Canadian Prime Minister Justin Trudeau has expressed concerns over farmers' protests in India. Trudeau in a remark said that Canada will always be there to defend the rights of peaceful protest.
"The news coming out of India about the protest by farmers. The situation is concerning and we are all very worried about family and friends. I know that's a reality for many of you," Trudeau said.
"Let me remind you, Canada will always be there to defend the rights of peaceful protest," he said at an online event to mark the 551st birth anniversary of Guru Nanak.
"We believe in the importance of dialogue and that's why we have reached out through multiple means to the Indan authorities to highlight our concerns," the Canadian PM added.
This is the first time when a foreign leader has voiced an opinion on the farmers' stir against the three farm laws.
Canadian Defence minister Harjit Singh Sajjan also tweeted about the farmers stir. He said that the reports coming in from India are "very troubling".
We welcome the support of @JustinTrudeau Pm Canada for the farmers agitation and urge Bjp govt to accept the legitimate demands of farmers who have contributed to the inclusive development of India and are themselves under a colossal debt leading to widespread suicides-khaira pic.twitter.com/T7WqMvWx51— Sukhpal Singh Khaira (@SukhpalKhaira) December 1, 2020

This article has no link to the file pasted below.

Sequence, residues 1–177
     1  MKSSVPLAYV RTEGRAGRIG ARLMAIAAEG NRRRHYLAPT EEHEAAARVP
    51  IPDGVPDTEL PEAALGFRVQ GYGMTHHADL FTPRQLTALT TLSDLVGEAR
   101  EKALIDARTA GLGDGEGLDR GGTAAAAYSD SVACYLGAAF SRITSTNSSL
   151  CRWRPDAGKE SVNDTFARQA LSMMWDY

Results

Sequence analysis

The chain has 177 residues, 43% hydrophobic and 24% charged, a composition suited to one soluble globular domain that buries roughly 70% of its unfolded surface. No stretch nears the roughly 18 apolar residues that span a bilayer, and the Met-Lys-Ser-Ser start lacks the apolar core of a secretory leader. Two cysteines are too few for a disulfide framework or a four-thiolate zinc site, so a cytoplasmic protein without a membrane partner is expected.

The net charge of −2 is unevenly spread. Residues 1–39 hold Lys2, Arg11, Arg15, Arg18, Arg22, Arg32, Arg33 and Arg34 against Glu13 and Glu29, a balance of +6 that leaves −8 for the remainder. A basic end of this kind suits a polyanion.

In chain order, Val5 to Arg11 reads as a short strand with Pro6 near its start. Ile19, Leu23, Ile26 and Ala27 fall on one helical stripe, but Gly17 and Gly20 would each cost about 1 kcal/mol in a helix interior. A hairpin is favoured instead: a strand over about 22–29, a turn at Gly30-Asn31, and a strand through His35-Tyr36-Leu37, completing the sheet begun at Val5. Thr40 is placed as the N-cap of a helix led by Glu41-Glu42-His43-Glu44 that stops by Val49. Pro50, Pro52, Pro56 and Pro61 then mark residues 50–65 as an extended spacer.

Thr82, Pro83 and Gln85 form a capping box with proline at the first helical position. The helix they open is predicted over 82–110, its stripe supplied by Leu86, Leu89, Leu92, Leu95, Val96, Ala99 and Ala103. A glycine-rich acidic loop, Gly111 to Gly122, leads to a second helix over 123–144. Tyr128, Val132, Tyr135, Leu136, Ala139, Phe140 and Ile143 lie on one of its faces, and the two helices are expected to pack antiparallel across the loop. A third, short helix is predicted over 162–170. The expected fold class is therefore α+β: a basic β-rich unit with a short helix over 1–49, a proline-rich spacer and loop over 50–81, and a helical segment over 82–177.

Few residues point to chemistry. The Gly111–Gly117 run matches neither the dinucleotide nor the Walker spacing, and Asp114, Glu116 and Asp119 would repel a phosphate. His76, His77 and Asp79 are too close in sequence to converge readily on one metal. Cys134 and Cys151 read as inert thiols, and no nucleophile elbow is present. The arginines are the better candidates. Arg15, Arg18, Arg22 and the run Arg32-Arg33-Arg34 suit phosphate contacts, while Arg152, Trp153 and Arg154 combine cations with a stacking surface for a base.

Sukhpal Singh Khaira, chief of Punjabi Ekta Party (PEP) and MLA from Bholath, shared the video of Trudeau. "We welcome the support of Justin Trudeau for the farmers agitation and urge BJP govt to accept the legitimate demands of farmers who have contributed to the inclusive development of India and are themselves under a colossal debt leading to widespread suicides-khaira," he tweeted.
Thousands of people from several states, including Punjab, are camped out on the outskirts of Delhi for a sixth straight day, in the biggest protest by farmers in years, demanding that they be allowed to stage protests in the city centre against the new laws that open up India's farm produce market. The farmers braved water cannons, tear gas and police barricades in the biting cold, as they tried to reach the national capital.